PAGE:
But, form is not the only consideration. Sometimes plants will not be healthy if they do not get the amount of sunlight they want. Is that a concern for aronia? I asked Google, and it led me to an entry at hort.net that answered my question: it will tolerate partial shade, getting leggy (that's the same as open, as far as I'm concerned), but it may be afflicted by mildew in "darker corners."

The usual way of minimizing the risk of mildew is through good cultural practices:  plenty of air circulation. For that, I want nothing obstructing the prevailing winds, which in Minnesota in the summer come from the south/southwest. If I place it towards the center or slightly forward in this garden (on the west side of my house, but to the north of the porch), and plant only low-growing groundcovers surrounding it, it should have no trouble catching those southerly breezes.

The specific cultivar of aronia that I want is called "Autumn Magic," so I called Bachman's and learned that they had six plants in stock, and they were only $20 each, definitely affordable on my budget. Having done my homework, I headed over there today (Tuesday), after an appointment that had me out in the car anyway. Even though it's cold (in the 40s), rainy, and very windy (gusts up to 50 mph!), I was determined to capture my prize. I grabbed the umbrella I keep in the car and headed into the store to find out where they keep the aronia. A helpful indoor employee called an outdoor employee to help me locate the shrub without too much wandering around in this miserable weather, only to be told that they don't have any aronia.

"I called yesterday," I said, confident that they couldn't possibly have sold all six plants when business is so slow due to these uninviting conditions. After sorting it out and confirming that they did, indeed, still have six Autumn Magic aronias, I headed out into the lot to meet the hardy shrub man, holding my umbrella close against the wind so that I could hardly see where I was going. I heard someone call "Ma'am" twice before I located him, looking around my umbrella, which was braced against the nearly horizontal rainfall and completely obstructing my view of whatever was in front of me. After the umbrella inverted itself a couple of times, I gave up and folded it, getting a tad wet in the process but more easily finding my way back to the checkout while holding the shrub in its pot on the cart with one hand, lest the wind toss it to the ground, while pushing the card with the other.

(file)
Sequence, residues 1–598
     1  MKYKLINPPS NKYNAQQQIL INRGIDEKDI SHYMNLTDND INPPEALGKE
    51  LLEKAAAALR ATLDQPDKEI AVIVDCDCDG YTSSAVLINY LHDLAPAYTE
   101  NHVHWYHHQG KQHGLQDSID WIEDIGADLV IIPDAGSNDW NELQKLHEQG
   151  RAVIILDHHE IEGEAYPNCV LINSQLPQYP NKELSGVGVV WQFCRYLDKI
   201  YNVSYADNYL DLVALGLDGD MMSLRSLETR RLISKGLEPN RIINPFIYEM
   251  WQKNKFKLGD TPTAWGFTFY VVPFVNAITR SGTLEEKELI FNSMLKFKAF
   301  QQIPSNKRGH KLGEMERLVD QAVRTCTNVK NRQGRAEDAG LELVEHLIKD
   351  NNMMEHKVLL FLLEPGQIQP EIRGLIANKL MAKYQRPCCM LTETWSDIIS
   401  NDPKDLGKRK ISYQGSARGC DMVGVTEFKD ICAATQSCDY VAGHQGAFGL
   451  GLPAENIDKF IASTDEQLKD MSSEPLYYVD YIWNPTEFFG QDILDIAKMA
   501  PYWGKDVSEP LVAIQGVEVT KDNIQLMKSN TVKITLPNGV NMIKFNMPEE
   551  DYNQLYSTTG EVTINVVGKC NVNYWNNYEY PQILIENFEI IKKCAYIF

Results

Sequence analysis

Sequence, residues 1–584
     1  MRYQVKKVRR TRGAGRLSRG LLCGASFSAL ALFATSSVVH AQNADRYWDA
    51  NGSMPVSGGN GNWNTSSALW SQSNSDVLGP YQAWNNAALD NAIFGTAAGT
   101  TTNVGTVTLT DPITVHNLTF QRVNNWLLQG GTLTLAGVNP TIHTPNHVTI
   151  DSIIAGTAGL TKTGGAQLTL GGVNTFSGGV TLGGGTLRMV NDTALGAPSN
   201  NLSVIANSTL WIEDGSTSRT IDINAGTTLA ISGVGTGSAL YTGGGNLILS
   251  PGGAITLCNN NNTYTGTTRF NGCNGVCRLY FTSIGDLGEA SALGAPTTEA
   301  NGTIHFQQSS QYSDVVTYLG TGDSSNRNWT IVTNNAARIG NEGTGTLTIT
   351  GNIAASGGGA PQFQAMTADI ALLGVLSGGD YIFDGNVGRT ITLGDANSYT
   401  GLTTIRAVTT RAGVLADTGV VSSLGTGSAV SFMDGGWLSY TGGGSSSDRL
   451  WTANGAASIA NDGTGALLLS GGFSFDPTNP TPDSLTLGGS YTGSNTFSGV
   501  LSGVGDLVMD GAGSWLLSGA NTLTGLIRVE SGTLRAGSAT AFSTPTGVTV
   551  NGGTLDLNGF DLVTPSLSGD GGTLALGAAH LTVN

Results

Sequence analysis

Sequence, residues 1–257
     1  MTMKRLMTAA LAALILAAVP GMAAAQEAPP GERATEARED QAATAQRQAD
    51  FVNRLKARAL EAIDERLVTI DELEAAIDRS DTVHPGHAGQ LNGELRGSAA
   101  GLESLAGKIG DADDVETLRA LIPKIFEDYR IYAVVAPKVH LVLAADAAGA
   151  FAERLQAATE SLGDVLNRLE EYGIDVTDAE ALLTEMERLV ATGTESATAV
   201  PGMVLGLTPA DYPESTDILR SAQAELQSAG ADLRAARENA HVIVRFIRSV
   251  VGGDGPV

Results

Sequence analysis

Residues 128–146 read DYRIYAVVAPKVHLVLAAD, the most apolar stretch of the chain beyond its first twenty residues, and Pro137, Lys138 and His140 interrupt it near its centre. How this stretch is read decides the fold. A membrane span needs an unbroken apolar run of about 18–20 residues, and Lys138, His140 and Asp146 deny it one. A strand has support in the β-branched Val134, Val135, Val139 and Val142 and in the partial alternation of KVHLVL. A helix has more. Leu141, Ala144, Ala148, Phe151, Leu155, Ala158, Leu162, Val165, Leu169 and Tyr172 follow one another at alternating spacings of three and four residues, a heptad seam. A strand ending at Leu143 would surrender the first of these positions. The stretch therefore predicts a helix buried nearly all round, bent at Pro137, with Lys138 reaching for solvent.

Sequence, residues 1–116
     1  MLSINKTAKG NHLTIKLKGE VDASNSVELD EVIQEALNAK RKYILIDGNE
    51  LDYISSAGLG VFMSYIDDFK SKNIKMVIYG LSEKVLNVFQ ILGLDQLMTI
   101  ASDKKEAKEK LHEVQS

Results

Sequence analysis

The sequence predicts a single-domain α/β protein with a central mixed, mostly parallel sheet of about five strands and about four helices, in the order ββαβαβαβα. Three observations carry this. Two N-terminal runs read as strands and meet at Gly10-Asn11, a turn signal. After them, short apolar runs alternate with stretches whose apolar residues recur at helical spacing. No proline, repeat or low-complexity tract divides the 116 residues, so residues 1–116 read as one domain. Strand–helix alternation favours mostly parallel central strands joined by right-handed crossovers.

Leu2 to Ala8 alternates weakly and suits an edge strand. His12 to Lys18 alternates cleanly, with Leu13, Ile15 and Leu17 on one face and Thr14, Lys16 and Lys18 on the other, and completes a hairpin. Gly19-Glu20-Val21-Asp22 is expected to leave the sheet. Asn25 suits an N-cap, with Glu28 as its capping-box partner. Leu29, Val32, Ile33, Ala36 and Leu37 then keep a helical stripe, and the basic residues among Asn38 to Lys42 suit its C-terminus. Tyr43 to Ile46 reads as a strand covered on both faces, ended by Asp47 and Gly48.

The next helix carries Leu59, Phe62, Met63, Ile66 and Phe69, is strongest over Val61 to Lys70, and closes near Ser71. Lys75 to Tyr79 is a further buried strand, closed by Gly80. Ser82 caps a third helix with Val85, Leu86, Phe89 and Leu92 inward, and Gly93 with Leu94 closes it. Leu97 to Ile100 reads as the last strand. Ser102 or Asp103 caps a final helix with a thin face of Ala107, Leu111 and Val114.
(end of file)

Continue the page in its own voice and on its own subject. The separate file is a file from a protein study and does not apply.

And now it sits in its pot in the garden, where it will remain until the weather settles down and allows me to plant it, along with its companions, those purple tulips.


  1. I glad as a Minnesotan I ran across you interesting blog. The logical manner which you researched and decided what do to with the corner you did like was quite impressive. The comments you made on the New England Aster were quite interesting. I love this native wildflower and have encouraged it throughout my prarie and woodland wildflower plots. Yes I'm one of those gradually converting my lawn into wildflower gardens :)

  2. Sounds like you are enjoying the process of researching, planning, and selecting the perfect plants for your yard! What lovely fall colors! I fell in love with the corkscrew willow tree this summer.


Thanks for reading, and for sharing your thoughts.